(Joint work with Joshua Ross, King's College Cambridge)
Abstract: Many animals live naturally in communities, with migration linking these communities across a broader scale. Furthermore, an ever-increasing number of species are forced to live in fragmented landscapes due to the destruction of their habitat, generally caused by anthropogenic disturbance. These metapopulations are consequently drawing much attention in both the theoretical and applied ecology literature.
Habitat fragmentation caused by habitat loss, in combination with other factors such as climate change, is placing many species at high risk of extinction, and ecologists and conservation biologists must attempt to limit this risk. With less funding than is required to protect all species, triage becomes necessary, and hence the need to efficiently evaluate extinction risk in order to determine a priority for allocating funding. Additionally, in order to use the resources available most efficiently, it is necessary to determine the optimal investment that minimises the threat of extinction.
We present here two 'rules of thumb' for metapopulation management, which are established using a simple metapopulation model. The first rule [R1] identifies an explicit formula for the persistence time of the population, and thus enables the population manager to form a priority species ranking by identifying those species most at risk of extinction. The second rule [R2] identifies an optimal management strategy that gives direction on how to alter the colonisation rate c (creation or improvement of habitat corridors) and local extinction rate e (restoring habitat quality or expanding habitat) in order to maximise the persistence time under a budgetary constraint.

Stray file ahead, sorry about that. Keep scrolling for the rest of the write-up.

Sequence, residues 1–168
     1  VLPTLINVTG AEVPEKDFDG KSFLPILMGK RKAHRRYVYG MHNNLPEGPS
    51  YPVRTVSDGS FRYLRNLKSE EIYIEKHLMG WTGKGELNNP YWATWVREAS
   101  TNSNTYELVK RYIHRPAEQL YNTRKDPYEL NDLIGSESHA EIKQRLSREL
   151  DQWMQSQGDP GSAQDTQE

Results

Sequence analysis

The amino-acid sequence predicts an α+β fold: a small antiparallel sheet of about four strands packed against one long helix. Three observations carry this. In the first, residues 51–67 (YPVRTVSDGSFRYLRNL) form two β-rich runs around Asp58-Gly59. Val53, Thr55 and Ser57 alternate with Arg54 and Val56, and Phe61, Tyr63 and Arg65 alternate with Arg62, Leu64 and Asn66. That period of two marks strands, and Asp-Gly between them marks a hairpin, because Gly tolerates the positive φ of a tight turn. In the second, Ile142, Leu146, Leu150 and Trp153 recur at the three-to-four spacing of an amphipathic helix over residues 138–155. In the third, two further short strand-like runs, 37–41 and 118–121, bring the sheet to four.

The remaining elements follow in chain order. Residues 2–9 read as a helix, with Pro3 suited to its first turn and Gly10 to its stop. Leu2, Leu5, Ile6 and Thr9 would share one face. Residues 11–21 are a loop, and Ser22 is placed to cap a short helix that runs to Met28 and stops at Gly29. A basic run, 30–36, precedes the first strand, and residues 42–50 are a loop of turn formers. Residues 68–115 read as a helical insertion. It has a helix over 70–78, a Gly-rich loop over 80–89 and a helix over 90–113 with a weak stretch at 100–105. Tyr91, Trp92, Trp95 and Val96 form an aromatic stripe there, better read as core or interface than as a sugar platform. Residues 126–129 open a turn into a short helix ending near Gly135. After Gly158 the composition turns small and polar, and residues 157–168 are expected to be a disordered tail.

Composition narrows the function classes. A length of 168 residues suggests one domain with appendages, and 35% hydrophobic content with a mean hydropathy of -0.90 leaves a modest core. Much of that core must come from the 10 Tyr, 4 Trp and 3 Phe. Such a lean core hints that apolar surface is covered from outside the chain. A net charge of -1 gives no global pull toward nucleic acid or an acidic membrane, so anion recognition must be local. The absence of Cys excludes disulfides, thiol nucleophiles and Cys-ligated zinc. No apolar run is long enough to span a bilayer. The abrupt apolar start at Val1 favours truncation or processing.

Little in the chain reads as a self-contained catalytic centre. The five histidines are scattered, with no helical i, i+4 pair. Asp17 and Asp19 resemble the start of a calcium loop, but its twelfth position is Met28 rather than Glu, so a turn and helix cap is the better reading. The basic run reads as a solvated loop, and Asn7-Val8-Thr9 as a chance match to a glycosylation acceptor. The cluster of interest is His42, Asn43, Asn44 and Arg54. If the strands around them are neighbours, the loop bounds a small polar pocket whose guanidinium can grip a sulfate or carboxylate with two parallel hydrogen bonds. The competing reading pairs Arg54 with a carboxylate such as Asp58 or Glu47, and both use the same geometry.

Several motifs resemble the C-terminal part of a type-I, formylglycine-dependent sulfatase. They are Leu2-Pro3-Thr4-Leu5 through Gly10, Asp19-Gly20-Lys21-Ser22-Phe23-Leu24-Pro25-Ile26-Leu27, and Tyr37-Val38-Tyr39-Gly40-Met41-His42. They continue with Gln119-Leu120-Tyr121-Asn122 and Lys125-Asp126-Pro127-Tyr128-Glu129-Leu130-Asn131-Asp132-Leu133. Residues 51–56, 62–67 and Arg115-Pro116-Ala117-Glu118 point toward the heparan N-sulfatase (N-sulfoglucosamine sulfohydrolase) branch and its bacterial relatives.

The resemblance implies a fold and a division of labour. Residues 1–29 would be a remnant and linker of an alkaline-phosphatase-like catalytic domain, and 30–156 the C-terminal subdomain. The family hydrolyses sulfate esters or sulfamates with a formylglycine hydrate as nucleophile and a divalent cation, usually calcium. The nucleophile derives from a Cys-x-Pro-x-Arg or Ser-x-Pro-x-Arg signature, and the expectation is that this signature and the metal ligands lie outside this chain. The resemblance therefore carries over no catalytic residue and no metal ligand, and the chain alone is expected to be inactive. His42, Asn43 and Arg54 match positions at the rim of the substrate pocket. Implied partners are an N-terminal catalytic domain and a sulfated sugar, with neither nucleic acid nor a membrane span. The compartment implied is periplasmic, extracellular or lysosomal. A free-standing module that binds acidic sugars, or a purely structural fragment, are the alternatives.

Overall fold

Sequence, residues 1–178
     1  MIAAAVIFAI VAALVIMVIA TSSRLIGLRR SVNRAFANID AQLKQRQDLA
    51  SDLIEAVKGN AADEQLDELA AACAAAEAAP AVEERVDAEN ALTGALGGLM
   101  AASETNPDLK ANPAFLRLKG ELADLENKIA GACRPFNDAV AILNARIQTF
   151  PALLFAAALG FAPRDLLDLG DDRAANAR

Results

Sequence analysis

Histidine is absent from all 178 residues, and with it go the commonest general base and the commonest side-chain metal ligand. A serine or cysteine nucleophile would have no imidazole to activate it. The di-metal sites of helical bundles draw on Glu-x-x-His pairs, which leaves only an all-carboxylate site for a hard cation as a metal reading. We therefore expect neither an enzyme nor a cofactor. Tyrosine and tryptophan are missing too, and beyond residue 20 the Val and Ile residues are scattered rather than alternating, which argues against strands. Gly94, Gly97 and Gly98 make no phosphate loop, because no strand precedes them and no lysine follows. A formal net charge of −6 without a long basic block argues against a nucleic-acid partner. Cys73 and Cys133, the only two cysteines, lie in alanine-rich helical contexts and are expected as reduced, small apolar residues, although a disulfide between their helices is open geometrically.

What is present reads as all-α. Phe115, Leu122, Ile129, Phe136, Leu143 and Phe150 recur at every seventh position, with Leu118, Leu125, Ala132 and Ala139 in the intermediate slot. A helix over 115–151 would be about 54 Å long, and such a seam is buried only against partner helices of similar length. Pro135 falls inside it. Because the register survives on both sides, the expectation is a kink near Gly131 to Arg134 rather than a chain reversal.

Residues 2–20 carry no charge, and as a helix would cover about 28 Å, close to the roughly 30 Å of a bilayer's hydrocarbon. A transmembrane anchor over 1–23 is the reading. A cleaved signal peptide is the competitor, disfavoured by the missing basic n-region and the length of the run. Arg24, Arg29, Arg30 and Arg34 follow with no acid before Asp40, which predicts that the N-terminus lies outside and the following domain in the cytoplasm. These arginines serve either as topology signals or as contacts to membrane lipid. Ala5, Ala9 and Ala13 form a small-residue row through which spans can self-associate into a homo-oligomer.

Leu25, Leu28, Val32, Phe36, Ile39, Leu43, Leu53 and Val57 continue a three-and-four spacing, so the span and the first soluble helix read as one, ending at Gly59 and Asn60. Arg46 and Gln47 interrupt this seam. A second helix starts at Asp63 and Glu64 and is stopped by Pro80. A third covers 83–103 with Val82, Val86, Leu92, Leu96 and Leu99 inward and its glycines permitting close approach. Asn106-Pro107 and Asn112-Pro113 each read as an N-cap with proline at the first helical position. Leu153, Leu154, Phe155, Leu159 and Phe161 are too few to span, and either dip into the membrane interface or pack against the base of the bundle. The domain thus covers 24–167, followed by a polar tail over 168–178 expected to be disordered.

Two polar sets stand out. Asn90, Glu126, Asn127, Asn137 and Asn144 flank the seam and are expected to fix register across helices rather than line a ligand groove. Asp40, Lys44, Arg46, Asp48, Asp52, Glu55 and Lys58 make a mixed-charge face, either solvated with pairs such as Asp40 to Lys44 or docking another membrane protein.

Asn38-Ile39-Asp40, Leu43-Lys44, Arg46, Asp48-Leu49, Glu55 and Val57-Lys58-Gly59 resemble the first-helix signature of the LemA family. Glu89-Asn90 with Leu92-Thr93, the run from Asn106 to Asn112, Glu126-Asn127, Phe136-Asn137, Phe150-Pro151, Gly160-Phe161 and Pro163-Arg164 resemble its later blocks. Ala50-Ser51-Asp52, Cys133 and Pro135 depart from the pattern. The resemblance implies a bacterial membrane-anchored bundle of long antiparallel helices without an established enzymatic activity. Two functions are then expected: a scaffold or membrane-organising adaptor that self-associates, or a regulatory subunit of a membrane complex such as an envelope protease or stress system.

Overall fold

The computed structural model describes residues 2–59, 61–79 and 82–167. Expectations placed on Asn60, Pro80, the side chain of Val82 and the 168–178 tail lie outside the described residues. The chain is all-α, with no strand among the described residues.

We employ a stochastic version of the Levins (1969) metapopulation model. In order to use our rules of thumb it is necessary that this simple model first be calibrated to a spatially-realistic model. Thus we propose an explicit method for calibration for a general spatially-realistic model.
Rule [R1] is based on exact and approximate formulae for the expected time to extinction starting from a given initial number of occupied patches. Rule [R2] defines an optimal management strategy in terms of a total budget B and costs Kc and Ke for respective (per unit) changes in c and e:
Invest in reducing e to its allowable minimum, unless B < Ke e - Kc c, in which case invest in increasing c.
We conclude by testing our rules on computer-generated patch networks from a spatially-realistic metapopulation model and a model for malleefowl (Leipoa ocellata) in the Bakara region of South Australia. These result suggest that our rules of thumb, derived from the stochastic Levins model, are robust. This, as well as optimal methods based on approximations for other spatially-realistic models, will be explored fully elsewhere.
Acknowledgement: This work is supported by the ARC Centre of Excellence for Mathematics and Statistics of Complex Systems
Last modified: 15th July 2009